by Quenda Behler
True, the temptations loom large and numerous: You're not good
at paperwork or taking tests, so why sit through a test for a
license? And why pay for all those building permits just so the
inspector can hassle you to death? Why carry all that
incredibly expensive insurance when you never have accidents?
Why do this stuff when you're competing with some guy who works
out of his pickup and doesn't spend money on any of it?
Good questions, all. It's hard to be competitive when you do
everything you're supposed to, yet know the system is rigged
against you if you don't. Okay, maybe "rigged" isn't the right
word. It's just that the system is geared to worst-case
scenarios and you probably already make an enormous effort to
avoid worst-case outcomes.
Following all the rules is like paying huge auto-insurance
premiums for years but never having an accident. Somehow you
feel cheated. It's not that you wanted a whiplash injury, but
who wants to spend all that money and not have anything to show
Let's address one issue at a time. Why bother getting a
license? First, if you want your company to grow beyond the
working-out-of-your-pickup stage, you'll find that the clients
with large jobs — the bigger remodels and houses that are
financed by lending companies, and the commercial work —
aren't interested in your bids if you don't have a
it's definitely worthwhile to get your license has to do with
the way most states enforce laws about contractor licensing.
Most communities don't have a staff to patrol building sites
and ask to see your licenses. But if a customer for a job worth
more than a certain amount of money doesn't pay you, state law
says you can't sue to collect that money if you have no
license. You may build someone a $10,000 addition, and when you
turn in the invoice, the customer can say, "Oh, gee, you aren't
licensed, are you? Guess I don't have to pay." And in many
states he can get away with it.
Still not convinced you need that license? Consider this: It
may be a crime in your state to work without one — a real
crime, as in jail time and fines. I don't know how many states
rigorously enforce this, but those laws are on the books in
many places, and states could enforce them if they wanted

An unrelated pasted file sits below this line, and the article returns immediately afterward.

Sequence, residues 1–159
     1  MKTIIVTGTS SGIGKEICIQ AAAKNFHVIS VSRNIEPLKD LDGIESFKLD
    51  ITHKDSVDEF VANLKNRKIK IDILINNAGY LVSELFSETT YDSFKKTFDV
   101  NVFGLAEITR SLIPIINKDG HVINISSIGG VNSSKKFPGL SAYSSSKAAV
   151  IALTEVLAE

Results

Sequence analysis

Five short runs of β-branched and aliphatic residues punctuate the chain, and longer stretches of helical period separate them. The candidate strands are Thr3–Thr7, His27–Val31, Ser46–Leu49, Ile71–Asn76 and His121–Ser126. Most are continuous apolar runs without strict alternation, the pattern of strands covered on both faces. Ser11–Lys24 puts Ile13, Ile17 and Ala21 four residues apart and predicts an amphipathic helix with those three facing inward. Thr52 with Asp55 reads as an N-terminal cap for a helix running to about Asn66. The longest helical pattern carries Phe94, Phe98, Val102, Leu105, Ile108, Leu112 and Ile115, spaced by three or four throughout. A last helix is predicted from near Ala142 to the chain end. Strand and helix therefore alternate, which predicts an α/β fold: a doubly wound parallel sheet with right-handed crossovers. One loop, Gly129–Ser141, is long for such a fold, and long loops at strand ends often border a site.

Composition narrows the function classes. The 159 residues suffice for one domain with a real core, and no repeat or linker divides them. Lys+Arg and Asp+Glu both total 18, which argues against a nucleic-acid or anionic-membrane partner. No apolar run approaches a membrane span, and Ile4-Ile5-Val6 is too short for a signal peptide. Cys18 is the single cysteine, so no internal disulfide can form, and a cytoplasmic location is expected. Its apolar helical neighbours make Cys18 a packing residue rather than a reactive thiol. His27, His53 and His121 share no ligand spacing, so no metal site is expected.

Michigan, where I live, has adopted a property-tax law that
contains a huge disincentive to getting a building permit. It's
too complicated to explain here, but the point is that there
are customers who will go out of their way to find contractors
who will build without permits.
But so what? Why bother with permits and inspections anyway? A
couple of reasons: First, it's the law. Second, the release of
funds by the bank is often tied to the permitting and
inspection process; the bank won't pay unless all the documents
are in order.
Breach of contract. Here's
another source of motivation for getting those inspections and
permits: If your customer decides you didn't do the job right,
the final inspection permit is a terrific legal tool to use as
a defense against a breach-of-contract lawsuit. Your argument
could be that the job meets industry standards because the
building can be used for its intended purpose. The fact that an
occupancy permit was issued is proof that this is so.
And don't underestimate the value of the dispassionate eye.
When you have an experienced building inspector hanging around,
he's not in love with your work, and he doesn't get his
paycheck with your name at the bottom, so he doesn't have a
problem telling you if you're doing it wrong. Unless you're
hiring a construction engineer to look over your shoulder,
that's very useful information.
Here's one final reason to pay attention to both permitting and
licensing issues: If you don't, you're taking the risk that
someone in authority will show up on your job site and shut you
down. Yes, someone could do that: close the job right down. And
after that, anyone who comes on that job site and tries to do
some work while the permits and licenses are being straightened
out could be arrested.
Last, but not least on the money scale, are all those insurance
premiums: workers' comp, liability, comprehensive property
damage. And of course you design-builders should carry errors
What do you get for all this money? For starters, it could save
your business. If a tornado or a flood comes, if a neighborhood
kid cuts off his arm with the circ saw you turned your back on,
if your roofer falls onto the rebar that's sticking up from the
concrete — that's what insurance is for. These are all
events that could put you out of business if you don't have
that insurance. And they are events that happen all the
Is the insurance too expensive? Well, that's another question
for another time. The question here is: Do you need it? And the
answer is yes, you do.
Quenda Behler Storyhas practiced and taught law for more
than 25 years and is the author of The Contractor's
Plain-English Legal Guide